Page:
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On business ethics

Opinion

October 26, 2018

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Business matters are so complicated and tough that mostly ventures fail to survive. I believe that if someone wants to make money and name through his own business, s/he must have sound understanding and right direction.

Being Pakistani, we must be proud that the great ancient philosopher who provided basic guidelines on this complex subject was none but Chanakya, also known as Kautilya or Vishnugupta. Born in the ancient city Taxila of present-day Pakistan, he was a teacher and also prime minister of the great Indian emperor, Chandragupta Maurya.

Despite the lapse of thousands of years, Chanakya is still a respectable name due to the fact that he not only proved his philosophical knowledge in practical life but also wrote books, such as Arthashastra and Chanakya Neeti, full of wisdom and spiritual knowledge.

Chanakya, being a teacher, royal adviser and economist, was a strong advocate of a society based on firm ethical values and principles. He advised his followers to not only focus on the materialistic approach to life but also understand the equal importance of spirituality.

“Philosophy is ever thought of as the lamp of all sciences, as the means of all actions (and) as the support of all laws (and duties).” This is what Chanakya wrote in the first chapter of Arthashastra to emphasise the importance of spiritual foundations.

Chanakya advised that ethics and moral values must be top priorities for any businessman. He was of the view that “Profits are by-products of business, not its very goal”. According to Chanakya, a business must have an overall positive impact on society. He also believed in the protection of women and prescribed a balance between the organisation and the workers.

In order to achieve success, Chanakya explained that a stable business must be established on seven pillars, termed as the ‘Saptangas’. First was ‘swami’, the leader who is the visionary brain that actually guides the organization. In today’s business world, he is also known as the CEO or the MD etc.

The second was the ‘amatya’, the manager. He is the one who utilises his professional skills and capabilities to achieve the desired goals. The third was the ‘janapada’, which relates to the market. A strong business always tries its best to capture the market through its marketing and branding strategies.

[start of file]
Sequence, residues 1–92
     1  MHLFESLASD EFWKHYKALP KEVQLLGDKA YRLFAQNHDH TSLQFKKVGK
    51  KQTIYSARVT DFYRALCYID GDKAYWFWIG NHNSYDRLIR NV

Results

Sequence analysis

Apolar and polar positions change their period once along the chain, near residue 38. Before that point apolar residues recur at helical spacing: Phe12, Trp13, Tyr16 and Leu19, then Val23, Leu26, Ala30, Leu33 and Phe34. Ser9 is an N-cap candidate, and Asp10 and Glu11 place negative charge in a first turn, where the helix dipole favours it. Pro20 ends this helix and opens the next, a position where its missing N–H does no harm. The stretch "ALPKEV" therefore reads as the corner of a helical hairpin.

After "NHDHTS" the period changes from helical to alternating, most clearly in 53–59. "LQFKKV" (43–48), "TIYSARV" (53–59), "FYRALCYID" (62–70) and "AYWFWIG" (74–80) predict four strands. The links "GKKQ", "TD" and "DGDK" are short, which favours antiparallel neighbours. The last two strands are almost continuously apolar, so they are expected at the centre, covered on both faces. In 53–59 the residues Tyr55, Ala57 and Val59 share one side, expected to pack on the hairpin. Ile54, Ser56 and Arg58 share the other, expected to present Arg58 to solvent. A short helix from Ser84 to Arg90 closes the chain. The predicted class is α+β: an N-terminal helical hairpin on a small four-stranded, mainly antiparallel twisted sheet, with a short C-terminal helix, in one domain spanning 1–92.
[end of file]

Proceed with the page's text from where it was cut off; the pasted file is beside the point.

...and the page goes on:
The fourth, ‘durg’, means infrastructure. To run a business successfully, a head office is needed, from where administrative work is performed. It also provides support for various policies and their implementation.

The fifth is the ‘kosha’, which reflects finance, the most important resource for any business. Chanakya believed that a stable and well-managed treasury is the heart of any organisation. Without sufficient financial capital, all kinds of businesses fail to grow. Sixth, the ‘danda’ which means team. In an organisation, every team member must have a defined role to play and they all must be treated with respect and dignity.

Chanakya defined the seventh pillar as the ‘mitra’ to highlight the importance of business advisers, mentors and consultants. According to him, a good business must seek support of such friends to expand its operations and market area.

Chanakya believed that a corrupt and dishonest person has no guts to face life’s challenges. He associated the success of a business with honesty, ethical values and principles. He emphasised that a good businessman is a law-abiding citizen. Chanakya termed such characters as ‘rajarishi’, the belief in contributing something good to society as a whole and bringing positive economic prosperity to all stakeholders.

In his writings, Chanakya also called corruption a social evil. According to him, too many personal interactions in one’s professional life lead towards corruption and nepotism. “It is possible to know even the path of birds flying in the sky, but not the ways of officers moving with their intentions concealed,” he wrote.

To curb corruption, Chanakya suggested an invisible mechanism of strict vigilance and monitoring. He believed that whistleblowers must be given due awards and incentives to expose wrongdoings. However, someone who passes false information must be punished strictly. Chanakya emphasised that official posts must be made temporary and officials should be frequently transferred from one department to another. Most importantly, there should be a transparent process of accountability for everyone.

Regrettably, such a wise renowned philosopher and teacher is not respected in his own birthplace. To do justice with history, we must give due respect to Chanakya. For all of those who want to achieve success in their businesses, I would recommend them to go through the teachings of Chanakya on business ethics.

The writer is a member of the NationalAssembly and patron-in-chief of thePakistan Hindu Council.

Twitter: @RVankwani

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